In interviews her former band mates concluded that the sudden overnight success took a toll on the sensitive young singer and she responded in the typical manner of the gritty Camden neighborhood she grew up in, it’s a place where fast times and the rock-n-roll club life are part of the nightly music scene, where the young singer was easily drawn into the drugs and heavy drinking while she was paying her dues and learning her craft. The pressure of stardom took its toll on Amy, after her sudden explosive success followed emergency room visits and arrests and rehab. But it was the relationship with Blake Fielder-Civil that was the turning point for Amy, at least one band mate Neal Sugarman remarked that the change in her was visible. The first tour was a lot of fun compared to the second tour supporting “Back To Black” which wasn’t fun at all. Sugarmen felt that the return of Blake was when Amy started taking drugs again, he remarked that the last time he saw her in London “it was not a pretty sight”. She was unable to sing on some of the songs they were working on and said “it was really depressing”. In their hit song “Truckin” Bob Weir of the Grateful Dead sings “What in the world ever became of sweet Jane, she’s lost her sparkle you know she isn’t the same. Living on Reds, Vitamin C and Cocaine…all her friends can say is ain’t it a shame.” This seems to be a direct reference to Janis Joplin, a friend of the band and one of the members of the unfortunate 27 Club; rock stars who died at 27. This includes Jimi Hendrix, Kurt Cobain and Jim Morrison among others.

But the warning signs were there and some people in the industry said that Amy was on what they call a “death watch”, an interesting term considering that people on a death watch are usually behind bars and kept from using any devices that could cause themselves harm. Why then don’t we have the same precautions in place for family and friends. In her short life Amy suffered and struggled with addiction to drugs and alcohol, depression, eating disorders and self-harm issues. The real tragedy is that brilliant career that could have been hers is now lost forever, we’ll never know what might have been had she lived and kept recording the kind of music she loved. What we do know is that she opened the door for new female artists to walk through, Lily Allen rode in after Amy’s release of Back To Black, and Adele credits Winehouse with making the US market easier for herself and Duffy to achieve success. This also ushered in a third wave of female artists including VV Brown, Florence and the Machine, La Roux and Little Boots. But the most acclaim came from Lady Gaga who said Amy Winehouse “paved the way” for her rise to the top of the charts. Winehouse could be said to have jump started a revival of soul music that started in 2000. Amy’s work made it possible in 2009 for five female artists to be nominated for the Mercury Prize in the UK and that year to be called the “year of the woman” in music circles. That is more than can be said for many artists who had hit records who were clean and sober, that she was able to do all this and stand up for causes and start her own record label speaks well of her ambition and energy. Not quite the picture of the irresponsible addict painted by so many. One can easily imagine a new young singer somewhere in the UK or US, unknown at the moment. She has been watching Amy on TV and dreaming of stardom. The thrill of it all, a new sound that harkens back to the age of soul, who many will compare to Amy Winehouse, but a new face, and hopefully a career that will stand the test of time and the roller coaster ride of fame without breaking under the enormous pressure. That is the legacy of a singer like Amy Winehouse.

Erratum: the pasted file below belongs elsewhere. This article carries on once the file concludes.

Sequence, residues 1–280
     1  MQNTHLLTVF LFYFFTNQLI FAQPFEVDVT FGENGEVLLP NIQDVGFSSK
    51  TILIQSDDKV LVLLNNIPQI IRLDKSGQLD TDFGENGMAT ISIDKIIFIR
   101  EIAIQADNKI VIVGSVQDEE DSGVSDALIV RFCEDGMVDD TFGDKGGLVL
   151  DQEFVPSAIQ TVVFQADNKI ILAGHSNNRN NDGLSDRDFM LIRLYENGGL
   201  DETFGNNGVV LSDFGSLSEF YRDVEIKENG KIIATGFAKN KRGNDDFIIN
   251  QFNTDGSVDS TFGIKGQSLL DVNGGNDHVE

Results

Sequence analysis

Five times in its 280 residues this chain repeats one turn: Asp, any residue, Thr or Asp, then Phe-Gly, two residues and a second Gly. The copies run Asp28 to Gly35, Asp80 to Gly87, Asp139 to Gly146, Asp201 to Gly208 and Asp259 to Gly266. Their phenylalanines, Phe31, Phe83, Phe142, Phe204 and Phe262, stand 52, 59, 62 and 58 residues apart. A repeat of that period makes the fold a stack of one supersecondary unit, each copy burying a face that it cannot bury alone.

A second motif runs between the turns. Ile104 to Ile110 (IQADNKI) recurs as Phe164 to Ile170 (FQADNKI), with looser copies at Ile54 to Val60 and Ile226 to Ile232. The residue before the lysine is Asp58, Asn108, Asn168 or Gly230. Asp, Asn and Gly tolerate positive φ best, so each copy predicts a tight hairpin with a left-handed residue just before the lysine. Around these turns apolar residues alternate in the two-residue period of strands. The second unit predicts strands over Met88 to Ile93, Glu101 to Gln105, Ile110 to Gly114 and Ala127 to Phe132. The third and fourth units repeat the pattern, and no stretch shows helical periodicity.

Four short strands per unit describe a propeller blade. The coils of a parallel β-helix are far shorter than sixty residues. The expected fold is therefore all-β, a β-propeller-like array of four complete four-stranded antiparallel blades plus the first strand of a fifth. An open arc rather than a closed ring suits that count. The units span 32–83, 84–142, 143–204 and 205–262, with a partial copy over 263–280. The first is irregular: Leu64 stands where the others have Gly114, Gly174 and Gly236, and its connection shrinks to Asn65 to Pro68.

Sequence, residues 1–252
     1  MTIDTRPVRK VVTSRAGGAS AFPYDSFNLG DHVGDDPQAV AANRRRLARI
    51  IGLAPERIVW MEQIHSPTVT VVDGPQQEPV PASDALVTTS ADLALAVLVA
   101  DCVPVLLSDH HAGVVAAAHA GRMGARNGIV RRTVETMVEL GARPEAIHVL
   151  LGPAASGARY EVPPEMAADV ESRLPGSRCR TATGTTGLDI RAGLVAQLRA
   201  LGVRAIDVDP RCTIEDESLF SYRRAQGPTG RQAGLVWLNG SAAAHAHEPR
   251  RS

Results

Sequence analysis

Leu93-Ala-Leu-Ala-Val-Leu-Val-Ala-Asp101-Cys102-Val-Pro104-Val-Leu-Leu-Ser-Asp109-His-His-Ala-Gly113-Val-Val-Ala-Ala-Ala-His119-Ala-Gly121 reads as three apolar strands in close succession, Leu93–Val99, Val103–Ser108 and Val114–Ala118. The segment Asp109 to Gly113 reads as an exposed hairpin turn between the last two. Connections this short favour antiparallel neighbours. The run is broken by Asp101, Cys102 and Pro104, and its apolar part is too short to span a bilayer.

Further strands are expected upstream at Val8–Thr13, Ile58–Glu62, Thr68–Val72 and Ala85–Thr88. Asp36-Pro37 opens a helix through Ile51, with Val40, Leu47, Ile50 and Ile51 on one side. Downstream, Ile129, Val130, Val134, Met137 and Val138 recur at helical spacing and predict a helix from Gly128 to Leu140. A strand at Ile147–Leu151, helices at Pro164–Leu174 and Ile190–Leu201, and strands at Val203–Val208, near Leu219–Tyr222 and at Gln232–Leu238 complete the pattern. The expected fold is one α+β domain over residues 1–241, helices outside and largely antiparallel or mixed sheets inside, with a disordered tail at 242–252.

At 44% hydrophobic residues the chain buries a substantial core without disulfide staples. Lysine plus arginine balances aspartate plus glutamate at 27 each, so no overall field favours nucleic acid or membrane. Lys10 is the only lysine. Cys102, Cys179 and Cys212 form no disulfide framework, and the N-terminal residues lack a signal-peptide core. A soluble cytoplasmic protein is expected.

My unexpected reaction to her death was to sit and watch You Tube videos of Amy in concert, that is where I first realized the power of her vocals and the emotional element she added to them, a conviction about the lyrics and the  honesty with which she sings her songs. I have tried to analyze my feelings of loss, were they driven by a latent sexual desire?…no, she’s not my type so I don’t think that played a role. Was there a deeper issue involved? Such as my lifelong struggle with food and weight loss issues? Yes, that was at least part of it, I could understand the desire for something that was off-limits, and potentially dangerous. But it had to be something more, buried deep in my subconscious. I still haven’t found what it is that moved me so much as I sat at my kitchen table stunned from the news. I can totally understand now why Elton John was moved to write “Candle In The Wind about Marilyn Monroe. I will be sure to buy all available recordings of Amy on CD or DVD, and like so many bands that are no more, I will cherish what we have of them to enjoy. Perhaps the greatest gift Amy unknowingly gave me is the gift of being more open in my mind to new ideas. To listen to new sounds and really see new images before passing judgement and moving on. So goodbye Amy, maybe you didn’t realize how much love was coming your way. While you were searching for the perfect love that doesn’t exist in life,perhaps you finally found it in death. I hope so for your sake…rest in peace.

Regrettably

Glen